PSPO I, II and III: How to Prepare for and Pass the Exams
Product Owner isn’t a job title but an accountability in Scrum.
It’s a person responsible for maximizing value by defining the product goal, optimizing the product backlog, turning feedback into actionable items, and guiding the team toward the product vision.
This requires a combination of business acumen, market awareness, leadership skills, intuition, and other factors.
Will obtaining the Professional Scrum Product Owner certification prove – and improve – those skills? Is getting PSPO worth it?
Main topics covered in this article:
- Will the PSPO credential be valuable, and which level should you attempt?
- Useful materials for Product Owners.
- Tips for preparing for each of the certification levels.
Why get the Professional Scrum Product Owner certification?
Before we get to the “what” and “how”, we should be clear on the “why”.
What is the reason to obtain the PSPO certification? Will the credential give you more career opportunities, improve your salary, distinguish you as a professional, or provide another kind of value?
Getting a credential confirms the level of your understanding of the subject and your dedication, it advances your professional profile.
But the best thing about the certification is getting ready for the exam.
It’s an opportunity to revise and improve your practices, learn new things and gain insights, and have a great mental exercise.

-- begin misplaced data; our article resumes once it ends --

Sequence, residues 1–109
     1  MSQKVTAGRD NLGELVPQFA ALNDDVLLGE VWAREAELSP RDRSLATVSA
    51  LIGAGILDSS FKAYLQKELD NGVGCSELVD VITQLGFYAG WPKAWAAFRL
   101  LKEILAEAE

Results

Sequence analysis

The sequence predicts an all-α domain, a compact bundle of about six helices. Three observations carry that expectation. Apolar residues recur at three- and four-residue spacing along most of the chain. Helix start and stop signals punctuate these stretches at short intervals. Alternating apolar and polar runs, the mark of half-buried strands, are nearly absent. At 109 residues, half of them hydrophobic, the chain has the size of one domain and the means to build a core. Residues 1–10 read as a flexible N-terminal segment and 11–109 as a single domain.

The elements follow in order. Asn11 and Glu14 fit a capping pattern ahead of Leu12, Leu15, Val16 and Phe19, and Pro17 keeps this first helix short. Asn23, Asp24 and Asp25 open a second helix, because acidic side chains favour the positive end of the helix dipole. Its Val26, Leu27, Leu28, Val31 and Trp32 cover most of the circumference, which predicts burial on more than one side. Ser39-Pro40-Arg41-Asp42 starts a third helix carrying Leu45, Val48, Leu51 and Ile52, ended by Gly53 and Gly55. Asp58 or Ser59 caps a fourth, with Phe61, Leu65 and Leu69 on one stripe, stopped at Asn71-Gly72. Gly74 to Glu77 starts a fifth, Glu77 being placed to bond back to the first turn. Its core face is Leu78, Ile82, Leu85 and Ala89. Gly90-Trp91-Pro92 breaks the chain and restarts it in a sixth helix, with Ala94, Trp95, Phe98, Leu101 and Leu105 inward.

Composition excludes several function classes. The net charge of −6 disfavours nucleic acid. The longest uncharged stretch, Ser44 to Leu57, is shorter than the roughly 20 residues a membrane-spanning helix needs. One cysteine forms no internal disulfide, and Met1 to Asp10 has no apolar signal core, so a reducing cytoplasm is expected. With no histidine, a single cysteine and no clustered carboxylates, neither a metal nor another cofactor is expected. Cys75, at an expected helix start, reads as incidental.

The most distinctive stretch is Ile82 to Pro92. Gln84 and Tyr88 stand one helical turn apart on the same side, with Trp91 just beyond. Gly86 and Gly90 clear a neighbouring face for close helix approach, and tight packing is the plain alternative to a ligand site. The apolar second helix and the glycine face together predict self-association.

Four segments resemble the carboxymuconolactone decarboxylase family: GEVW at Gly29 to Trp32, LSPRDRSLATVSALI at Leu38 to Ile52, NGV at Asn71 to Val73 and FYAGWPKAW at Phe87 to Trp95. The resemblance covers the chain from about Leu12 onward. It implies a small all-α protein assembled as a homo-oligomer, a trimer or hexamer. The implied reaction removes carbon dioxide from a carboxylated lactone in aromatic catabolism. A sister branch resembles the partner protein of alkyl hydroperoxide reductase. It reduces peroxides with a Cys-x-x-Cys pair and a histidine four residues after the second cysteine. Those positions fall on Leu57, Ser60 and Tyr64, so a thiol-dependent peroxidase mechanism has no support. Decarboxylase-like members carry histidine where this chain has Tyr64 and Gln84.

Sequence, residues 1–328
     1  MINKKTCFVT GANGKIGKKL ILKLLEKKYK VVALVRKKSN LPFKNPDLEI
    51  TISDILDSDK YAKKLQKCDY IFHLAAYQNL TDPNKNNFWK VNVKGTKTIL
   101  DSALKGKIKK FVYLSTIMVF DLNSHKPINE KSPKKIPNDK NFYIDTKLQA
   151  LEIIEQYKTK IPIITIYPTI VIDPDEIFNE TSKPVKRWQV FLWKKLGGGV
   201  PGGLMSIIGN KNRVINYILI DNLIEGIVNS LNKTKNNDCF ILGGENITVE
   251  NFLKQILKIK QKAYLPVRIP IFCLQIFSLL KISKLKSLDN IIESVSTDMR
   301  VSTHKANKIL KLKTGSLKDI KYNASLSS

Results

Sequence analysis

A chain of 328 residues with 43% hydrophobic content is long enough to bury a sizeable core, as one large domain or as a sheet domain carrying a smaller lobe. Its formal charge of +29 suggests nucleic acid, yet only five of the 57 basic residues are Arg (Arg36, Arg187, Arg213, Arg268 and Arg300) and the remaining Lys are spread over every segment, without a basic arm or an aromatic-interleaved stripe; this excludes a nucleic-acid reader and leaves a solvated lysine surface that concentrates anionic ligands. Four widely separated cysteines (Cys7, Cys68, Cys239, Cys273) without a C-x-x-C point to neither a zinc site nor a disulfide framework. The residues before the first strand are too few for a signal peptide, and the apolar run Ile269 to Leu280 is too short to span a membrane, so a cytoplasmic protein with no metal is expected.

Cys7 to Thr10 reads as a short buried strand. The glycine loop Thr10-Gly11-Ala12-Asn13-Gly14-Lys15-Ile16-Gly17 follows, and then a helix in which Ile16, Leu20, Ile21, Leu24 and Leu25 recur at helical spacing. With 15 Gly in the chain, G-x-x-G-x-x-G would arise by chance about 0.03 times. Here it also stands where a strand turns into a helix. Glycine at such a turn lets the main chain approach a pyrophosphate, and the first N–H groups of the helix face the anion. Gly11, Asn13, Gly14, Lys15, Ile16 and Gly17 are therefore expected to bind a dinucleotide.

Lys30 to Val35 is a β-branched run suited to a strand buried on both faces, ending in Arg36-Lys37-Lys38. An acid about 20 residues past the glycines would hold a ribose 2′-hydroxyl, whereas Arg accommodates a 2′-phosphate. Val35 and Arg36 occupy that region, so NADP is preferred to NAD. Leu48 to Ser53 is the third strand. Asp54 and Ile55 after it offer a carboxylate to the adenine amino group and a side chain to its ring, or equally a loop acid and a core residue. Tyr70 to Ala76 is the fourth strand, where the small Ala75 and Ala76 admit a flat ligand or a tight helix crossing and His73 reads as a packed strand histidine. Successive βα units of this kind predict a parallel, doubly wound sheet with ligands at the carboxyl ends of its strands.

Which PSPO level should I attempt?
It seems logical to start with level one, right? But, since the PSPO levels are independent, you could pick any of them, based on your experience and aspirations.
- PSPO I is for people who are new to Scrum and want to understand it from the Product Owner’s angle.
- PSPO II is the sweet spot for professionals who have PO experience in one form or another and want to deepen their knowledge.
- PSPO III is mostly for people who are looking into a coaching career or simply enjoy extreme challenges.
How many people have the PSPO credential?
PSPO I is the second most popular Scrum.org credential after PSM I. There are over 150 000 credential holders worldwide.
The ratio between the first and the second level of PSPO remains the same as for PSM – only around 5% of PSPO I holders went on to obtain PSPO II. And there are less than 500 people across the globe who got the PSPO III credential.
Key topics of the PSPO exams
Professional Scrum Product Owner certification requires a good understanding of the Scrum framework, first and foremost.
Scrum is based on Empiricism and its pillars – Transparency, Inspection and Adaptation. As a Product Owner, you need to understand how each of the pillars helps with maximizing the product value.
You should be able to define and explain the key elements from the Scrum Guide: each of the Scrum values, accountabilities, events, artifacts, and commitments.